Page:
Drawing Connections: The Relationship between Indigenous Peoples and Italians in Canada
Updated: Jan 17
By Erica Vardaro
This post is part of a series of student responses to the event Indigenous-Italian-Canadian Connections: Starting a Conversation, which took place on February 24th 2021.
We feature these pieces of writing as part of an ongoing conversation in the Italian-Canadian community on our relationship with Indigenous peoples. We are mindful that we are on a learning journey with one another and that the writing within this blog reflects an ongoing, iterative learning process. We welcome feedback on any of the pieces of writing contained herein.
Although Canada prides itself on being a generous and hospitable multicultural society, the country has always been very selective of whom it accepts and welcomes with open arms. The Nation’s criteria for the perfect citizen largely depends on matters of identity, place of origin, and cultural values. Each group of settlers faced their own set of challenges as they learned to navigate an environment that was completely new to them. For instance, Italians that migrated to Canada have historically been expected to give up parts of their identity to comply with Anglo-Saxon norms. This meant limiting the use of Italian languages and practicing family traditions in private spaces to avoid public disapproval. However, Italians who benefited from the phenotypical privileges of whiteness were able to quickly assimilate and accumulate cultural capital due to the fact that their racial identity aligns well with Canada’s white settler colonialism. On the other hand, Indigenous peoples, who are native to this land, have always been subject to a different set of policies with respect to their ways of knowing. When white settlers began occupying their territory and assumed control over their day-to-day lives, Indigenous freedom and sovereignty were completely compromised. Their land and resources were exploited for the purpose of advancing the economic and social pursuits of the settlers, leaving them with little power to sustain themselves.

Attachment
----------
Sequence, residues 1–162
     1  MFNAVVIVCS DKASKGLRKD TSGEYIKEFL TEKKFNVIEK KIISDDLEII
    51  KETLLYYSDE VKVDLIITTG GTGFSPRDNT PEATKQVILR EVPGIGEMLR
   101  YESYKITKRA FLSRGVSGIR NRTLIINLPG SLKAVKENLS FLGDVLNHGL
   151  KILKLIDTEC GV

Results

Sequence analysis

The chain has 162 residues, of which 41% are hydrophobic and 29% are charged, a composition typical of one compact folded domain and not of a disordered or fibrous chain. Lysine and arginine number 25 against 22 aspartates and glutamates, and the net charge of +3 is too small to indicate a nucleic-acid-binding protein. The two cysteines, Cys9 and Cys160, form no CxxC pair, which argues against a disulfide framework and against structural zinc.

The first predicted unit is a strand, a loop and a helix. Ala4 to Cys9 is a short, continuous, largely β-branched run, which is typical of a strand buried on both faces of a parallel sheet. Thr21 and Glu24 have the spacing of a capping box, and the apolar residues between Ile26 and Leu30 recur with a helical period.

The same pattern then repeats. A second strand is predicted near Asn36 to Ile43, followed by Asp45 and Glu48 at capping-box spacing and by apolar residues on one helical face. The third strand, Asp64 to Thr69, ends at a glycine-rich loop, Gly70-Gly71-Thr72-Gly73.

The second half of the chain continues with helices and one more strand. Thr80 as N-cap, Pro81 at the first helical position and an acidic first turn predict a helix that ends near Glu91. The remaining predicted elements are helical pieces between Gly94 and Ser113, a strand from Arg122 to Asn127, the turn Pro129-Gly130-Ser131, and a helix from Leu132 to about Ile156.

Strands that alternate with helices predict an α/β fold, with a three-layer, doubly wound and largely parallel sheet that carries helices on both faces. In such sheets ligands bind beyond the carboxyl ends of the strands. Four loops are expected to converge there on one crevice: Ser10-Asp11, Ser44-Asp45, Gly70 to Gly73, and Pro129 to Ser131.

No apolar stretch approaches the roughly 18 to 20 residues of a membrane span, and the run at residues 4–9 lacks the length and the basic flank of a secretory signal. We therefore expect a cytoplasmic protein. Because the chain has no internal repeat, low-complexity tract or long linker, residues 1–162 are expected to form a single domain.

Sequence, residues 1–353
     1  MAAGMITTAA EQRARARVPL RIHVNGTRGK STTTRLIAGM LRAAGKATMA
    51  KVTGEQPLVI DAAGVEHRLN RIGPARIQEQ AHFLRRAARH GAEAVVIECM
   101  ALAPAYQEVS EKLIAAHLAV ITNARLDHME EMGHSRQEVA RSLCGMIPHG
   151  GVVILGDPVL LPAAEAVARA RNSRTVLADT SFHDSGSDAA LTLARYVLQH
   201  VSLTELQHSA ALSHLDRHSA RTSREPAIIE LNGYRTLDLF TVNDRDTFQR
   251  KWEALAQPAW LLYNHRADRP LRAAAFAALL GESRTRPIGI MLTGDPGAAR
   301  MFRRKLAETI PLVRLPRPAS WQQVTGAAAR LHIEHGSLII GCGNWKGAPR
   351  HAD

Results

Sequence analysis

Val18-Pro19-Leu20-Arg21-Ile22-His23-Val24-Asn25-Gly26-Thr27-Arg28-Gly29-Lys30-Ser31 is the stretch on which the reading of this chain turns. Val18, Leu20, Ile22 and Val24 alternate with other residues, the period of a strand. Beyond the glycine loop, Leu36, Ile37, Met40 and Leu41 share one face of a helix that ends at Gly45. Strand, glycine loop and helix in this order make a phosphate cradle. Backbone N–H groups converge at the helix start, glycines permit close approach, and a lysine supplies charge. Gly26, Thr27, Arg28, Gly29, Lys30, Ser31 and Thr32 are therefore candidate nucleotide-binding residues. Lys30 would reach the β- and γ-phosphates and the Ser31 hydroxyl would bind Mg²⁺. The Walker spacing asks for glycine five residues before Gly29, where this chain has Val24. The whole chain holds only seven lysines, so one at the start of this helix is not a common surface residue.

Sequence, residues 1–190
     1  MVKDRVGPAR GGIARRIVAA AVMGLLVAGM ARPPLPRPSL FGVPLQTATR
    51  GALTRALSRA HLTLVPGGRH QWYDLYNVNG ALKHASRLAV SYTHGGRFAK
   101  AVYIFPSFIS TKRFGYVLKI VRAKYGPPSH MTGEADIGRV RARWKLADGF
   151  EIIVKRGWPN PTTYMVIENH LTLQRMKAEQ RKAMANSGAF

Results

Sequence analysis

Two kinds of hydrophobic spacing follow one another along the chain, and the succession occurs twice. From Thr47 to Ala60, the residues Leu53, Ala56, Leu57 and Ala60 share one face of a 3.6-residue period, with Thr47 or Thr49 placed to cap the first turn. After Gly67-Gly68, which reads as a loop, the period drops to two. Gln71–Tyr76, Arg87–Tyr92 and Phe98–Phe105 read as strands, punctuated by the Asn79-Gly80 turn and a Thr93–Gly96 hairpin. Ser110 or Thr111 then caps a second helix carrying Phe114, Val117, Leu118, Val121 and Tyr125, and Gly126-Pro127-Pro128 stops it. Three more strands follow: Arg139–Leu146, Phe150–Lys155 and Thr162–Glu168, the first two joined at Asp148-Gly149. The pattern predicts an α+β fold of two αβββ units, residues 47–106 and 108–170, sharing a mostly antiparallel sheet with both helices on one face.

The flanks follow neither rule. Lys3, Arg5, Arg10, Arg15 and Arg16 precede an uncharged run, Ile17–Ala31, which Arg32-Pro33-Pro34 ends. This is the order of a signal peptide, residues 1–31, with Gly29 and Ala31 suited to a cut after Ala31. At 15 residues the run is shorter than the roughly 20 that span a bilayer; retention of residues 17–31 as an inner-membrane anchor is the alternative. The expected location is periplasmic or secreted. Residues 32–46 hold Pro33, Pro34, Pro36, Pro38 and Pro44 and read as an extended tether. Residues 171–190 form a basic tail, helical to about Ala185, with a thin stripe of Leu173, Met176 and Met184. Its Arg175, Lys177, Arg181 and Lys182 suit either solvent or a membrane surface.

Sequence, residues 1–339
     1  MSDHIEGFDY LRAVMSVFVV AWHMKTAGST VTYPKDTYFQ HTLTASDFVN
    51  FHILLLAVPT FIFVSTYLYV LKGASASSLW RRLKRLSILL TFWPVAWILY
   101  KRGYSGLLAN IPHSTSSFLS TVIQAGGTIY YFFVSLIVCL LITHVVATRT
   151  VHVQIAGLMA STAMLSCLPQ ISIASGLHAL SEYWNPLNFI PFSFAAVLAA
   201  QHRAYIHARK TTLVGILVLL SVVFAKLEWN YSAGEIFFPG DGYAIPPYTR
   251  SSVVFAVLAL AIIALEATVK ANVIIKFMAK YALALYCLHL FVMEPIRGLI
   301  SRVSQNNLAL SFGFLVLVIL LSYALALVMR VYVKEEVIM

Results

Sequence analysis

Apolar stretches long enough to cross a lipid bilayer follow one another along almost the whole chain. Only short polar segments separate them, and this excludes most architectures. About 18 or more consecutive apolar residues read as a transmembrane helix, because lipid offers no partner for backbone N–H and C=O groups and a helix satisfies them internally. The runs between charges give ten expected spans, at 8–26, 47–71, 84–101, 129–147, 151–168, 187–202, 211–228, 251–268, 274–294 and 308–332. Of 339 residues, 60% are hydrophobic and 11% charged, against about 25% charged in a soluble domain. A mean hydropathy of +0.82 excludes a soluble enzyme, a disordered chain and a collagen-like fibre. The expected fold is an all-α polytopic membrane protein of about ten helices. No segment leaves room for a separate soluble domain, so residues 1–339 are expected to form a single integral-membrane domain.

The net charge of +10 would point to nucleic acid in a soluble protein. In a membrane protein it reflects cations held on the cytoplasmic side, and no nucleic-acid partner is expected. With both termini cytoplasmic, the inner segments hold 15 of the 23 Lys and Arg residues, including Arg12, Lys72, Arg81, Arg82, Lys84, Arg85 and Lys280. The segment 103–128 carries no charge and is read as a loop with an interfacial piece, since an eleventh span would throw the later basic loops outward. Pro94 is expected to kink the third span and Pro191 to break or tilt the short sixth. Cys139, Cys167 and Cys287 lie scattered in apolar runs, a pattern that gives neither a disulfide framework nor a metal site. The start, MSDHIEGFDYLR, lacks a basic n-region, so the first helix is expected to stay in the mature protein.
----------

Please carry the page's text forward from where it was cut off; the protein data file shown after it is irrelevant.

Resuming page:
Despite the immediate challenges of adapting to the norms of a new country, over the years, Italians were able to overcome discrimination and reinstate many aspects of their culture into the Canadian mainstream. Italians are now widely recognized and respected across the Nation as demonstrated by statues and establishments dedicated to Italian explorers like Cristoforo Colombo and Giovanni Caboto. In contrast, Indigenous peoples continue to fight to maintain and protect their cultural ways of life because their traditional values and practices do not conform to the socially constructed ideals of whiteness. The idea of honouring and upholding Indigenous sovereignty threatens the very core of Canada’s national project because it would recognize the fact that Indigenous cultures have their own social, political, and legal structures that can operate independently from settler capitalism and the colonial imagination.
In 2010, Bill 103: The Italian Heritage Month Act was established to help recognize Italian Canadians’ significant contributions to the growth and prosperity of Ontario. Every year since, the month of June is filled with festivities to help honour people of Italian heritage. Acts like this help reconcile instances of xenophobia Italians faced during early waves of migration. During this month, I personally find it challenging to celebrate my ethnicity when I know that others continue to be oppressed, targeted, and criminalized because of their ethnic identities. This past June, Prime Minister Justin Trudeau also made a formal apology on behalf of the government of Canada for its role in the WWII internment of Italian Canadians. Rather than simply settling for apologies, we must learn from our own experiences and demand that no other person be mistreated on the basis of their ethnicity and status on this land.
It is disappointing that Canada continuously fails to honour the treaty agreements made with Indigenous peoples who have been caretakers of the land we live on for centuries. Historians Heidi Bohaker and Franca Iacovetta help clarify this disparity by highlighting how Canada’s one-size-fits-all assimilation programs have always been less tolerant of the cultural differences of Indigenous peoples than those of European refugees and immigrants. The authors go on to explain the process whereby Indigenous peoples were also labelled as immigrants by the Department of Citizenship and Immigration (DCI) and how the Indian Affairs branch was modeled after Canadian citizenship campaigns from 1950 to 1966. Considering that Indigenous peoples and their cultural values are viewed as a threat, Canadian ministry officials sought to minimize their precedent on the land by legislatively absorbing them into a multicultural framework, where Indigenous peoples were considered as just another ethnic group within a “country of immigrants.”